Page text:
“If you were to ask the CEO of many companies what data do you have and how do you process it, I don’t think they would know how to get to that data,” he says, citing Apple CEO Tim Cook as one of the exceptions. “He does have a view and eye toward privacy along those lines.”
In addition to the data inventory outlined by Boshell, Torres says it’s imperative that companies be transparent with consumers about the information they’re collecting.
“We should be clearly telling individuals what we’re going to collect, how we’re going to use it and how we’re going to share it,” he says.
And though the public may be worn out when it comes to hearing about data breaches, that’s another area that businesses need to be concerned with.
“How can we prevent a data breach, and, in the event of one, how do we eradicate and contain the data breach, and then how do we notify people about it?” Torres says.
Boshell believes in the importance of privacy law so much that she left a Birmingham law firm — where she had co-chaired its privacy and cyber security practice — after 27 years in April 2018 and started Privacy Counsel.
“Working on my own allows me to focus directly on cyber and privacy, rather than having it be incidental to other legal practices and client business needs,” she says. “Most of my clients are financial institutions and tech vendors, and most are out of state. I love being a lawyer, and I especially love privacy law. Privacy is a universal value that impacts a variety of legal disciplines. It’s a relatively new practice, so there aren’t many of us who have been doing this for 20-plus years.”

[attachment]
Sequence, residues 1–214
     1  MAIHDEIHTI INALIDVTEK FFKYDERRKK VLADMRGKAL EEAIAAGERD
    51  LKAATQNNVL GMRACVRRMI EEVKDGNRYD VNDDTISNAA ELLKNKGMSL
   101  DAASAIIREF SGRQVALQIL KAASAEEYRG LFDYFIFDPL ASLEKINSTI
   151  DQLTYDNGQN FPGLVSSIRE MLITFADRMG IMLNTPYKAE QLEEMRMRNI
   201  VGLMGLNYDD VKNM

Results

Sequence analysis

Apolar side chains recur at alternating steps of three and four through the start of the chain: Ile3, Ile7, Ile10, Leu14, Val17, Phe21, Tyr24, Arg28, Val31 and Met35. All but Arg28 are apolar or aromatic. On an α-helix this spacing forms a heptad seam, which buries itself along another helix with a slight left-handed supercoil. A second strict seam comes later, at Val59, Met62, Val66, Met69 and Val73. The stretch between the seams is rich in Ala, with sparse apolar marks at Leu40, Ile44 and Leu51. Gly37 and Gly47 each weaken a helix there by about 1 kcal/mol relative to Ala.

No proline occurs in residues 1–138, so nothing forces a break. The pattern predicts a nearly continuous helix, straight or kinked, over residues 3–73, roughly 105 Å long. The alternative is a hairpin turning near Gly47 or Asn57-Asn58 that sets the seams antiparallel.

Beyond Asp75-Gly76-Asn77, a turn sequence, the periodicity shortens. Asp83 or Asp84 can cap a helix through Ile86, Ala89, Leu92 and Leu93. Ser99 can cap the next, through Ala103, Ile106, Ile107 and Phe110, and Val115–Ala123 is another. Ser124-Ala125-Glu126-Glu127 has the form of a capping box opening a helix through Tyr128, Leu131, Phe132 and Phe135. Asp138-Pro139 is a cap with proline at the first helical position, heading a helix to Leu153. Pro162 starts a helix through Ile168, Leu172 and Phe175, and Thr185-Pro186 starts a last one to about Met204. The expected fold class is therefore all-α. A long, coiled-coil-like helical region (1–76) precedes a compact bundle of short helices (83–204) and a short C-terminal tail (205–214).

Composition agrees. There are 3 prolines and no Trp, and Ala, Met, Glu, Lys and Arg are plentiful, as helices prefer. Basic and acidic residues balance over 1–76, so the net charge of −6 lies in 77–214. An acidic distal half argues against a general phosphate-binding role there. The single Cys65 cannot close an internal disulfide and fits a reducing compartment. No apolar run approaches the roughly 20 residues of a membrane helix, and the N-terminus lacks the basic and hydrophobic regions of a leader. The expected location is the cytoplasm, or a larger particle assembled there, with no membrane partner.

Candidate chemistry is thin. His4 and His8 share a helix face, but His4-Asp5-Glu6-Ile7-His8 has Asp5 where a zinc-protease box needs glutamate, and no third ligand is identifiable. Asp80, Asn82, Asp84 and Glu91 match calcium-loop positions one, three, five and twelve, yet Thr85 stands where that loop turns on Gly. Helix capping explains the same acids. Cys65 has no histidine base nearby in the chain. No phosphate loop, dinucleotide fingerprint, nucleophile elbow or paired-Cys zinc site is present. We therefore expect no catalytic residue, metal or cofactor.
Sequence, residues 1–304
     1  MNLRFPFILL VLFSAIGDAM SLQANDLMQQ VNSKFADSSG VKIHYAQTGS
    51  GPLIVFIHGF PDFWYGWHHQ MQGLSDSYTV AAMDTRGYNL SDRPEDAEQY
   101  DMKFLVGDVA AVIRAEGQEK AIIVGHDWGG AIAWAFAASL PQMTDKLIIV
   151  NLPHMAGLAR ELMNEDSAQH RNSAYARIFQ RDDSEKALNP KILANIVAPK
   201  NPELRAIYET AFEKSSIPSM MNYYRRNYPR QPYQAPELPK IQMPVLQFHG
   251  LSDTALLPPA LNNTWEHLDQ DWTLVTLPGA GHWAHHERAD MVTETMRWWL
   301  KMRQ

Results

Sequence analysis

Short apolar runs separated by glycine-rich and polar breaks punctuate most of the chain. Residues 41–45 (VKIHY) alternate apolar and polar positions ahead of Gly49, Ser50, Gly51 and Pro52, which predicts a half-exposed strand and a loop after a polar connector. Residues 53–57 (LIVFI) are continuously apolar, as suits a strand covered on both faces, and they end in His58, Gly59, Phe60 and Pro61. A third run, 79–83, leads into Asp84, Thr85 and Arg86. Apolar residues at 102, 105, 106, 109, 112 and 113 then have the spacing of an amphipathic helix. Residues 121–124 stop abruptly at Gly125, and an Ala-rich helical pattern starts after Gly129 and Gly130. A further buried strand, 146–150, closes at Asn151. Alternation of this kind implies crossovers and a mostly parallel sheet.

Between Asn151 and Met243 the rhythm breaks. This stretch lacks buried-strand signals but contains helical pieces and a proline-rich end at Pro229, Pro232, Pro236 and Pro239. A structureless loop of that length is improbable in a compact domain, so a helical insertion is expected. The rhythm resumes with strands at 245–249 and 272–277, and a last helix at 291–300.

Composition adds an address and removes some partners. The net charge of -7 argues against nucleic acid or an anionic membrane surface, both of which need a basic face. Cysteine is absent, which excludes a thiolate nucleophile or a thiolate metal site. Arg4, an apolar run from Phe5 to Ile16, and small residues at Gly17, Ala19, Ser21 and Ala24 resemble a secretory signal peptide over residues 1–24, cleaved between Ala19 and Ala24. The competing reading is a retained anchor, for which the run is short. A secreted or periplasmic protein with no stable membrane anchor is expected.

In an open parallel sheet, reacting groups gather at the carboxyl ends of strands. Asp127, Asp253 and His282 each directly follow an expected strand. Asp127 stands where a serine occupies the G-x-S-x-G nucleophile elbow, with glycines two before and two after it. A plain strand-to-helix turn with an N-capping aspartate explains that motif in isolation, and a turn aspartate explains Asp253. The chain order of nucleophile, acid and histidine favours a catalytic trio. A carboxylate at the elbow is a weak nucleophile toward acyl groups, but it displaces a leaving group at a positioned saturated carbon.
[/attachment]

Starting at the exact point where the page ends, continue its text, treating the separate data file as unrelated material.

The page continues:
To receive the Privacy Law Specialist certification, which is authorized by the American Bar Association and certified by the International Association of Privacy Professionals, Torres and Boshell had to be members in good standing of at least one Alabama law practice, to hold several other certifications and to pass an ethics exam.
Torres says that most who hold the privacy certification are, like him, working for businesses, either in-house or at a law firm. “In the next decade, though, I think you’ll see attorneys on the plaintiff’s bar getting the certification.” In other words, attorneys will specialize in privacy, similar to what they do now with car wrecks, disability cases and other specialties.
Also in the next few years, Torres anticipates more law schools introducing privacy law into their curriculums. “Very few even have a class on this topic right now,” he says.
And the specialty also will probably result in more attorneys leaving their practices.
“They’ll join leadership positions in technology from what they’ll gain in knowing about privacy and data security,” Torres says. “The business title that’s most applicative is chief privacy officer.”
Consumers shouldn’t forget their role in privacy matters, either.
“It’s imperative that consumers educate themselves,” Torres says. “You wouldn’t give your money over to a bank if you didn’t know what they were going to do with it. So why do we do that with our data? You can never get it back once you give it. Consumers have got to get more educated.”
Alec Harvey and Art Meripol are freelance contributors to Business Alabama. Harvey
is based in Auburn and Meripol in Birmingham.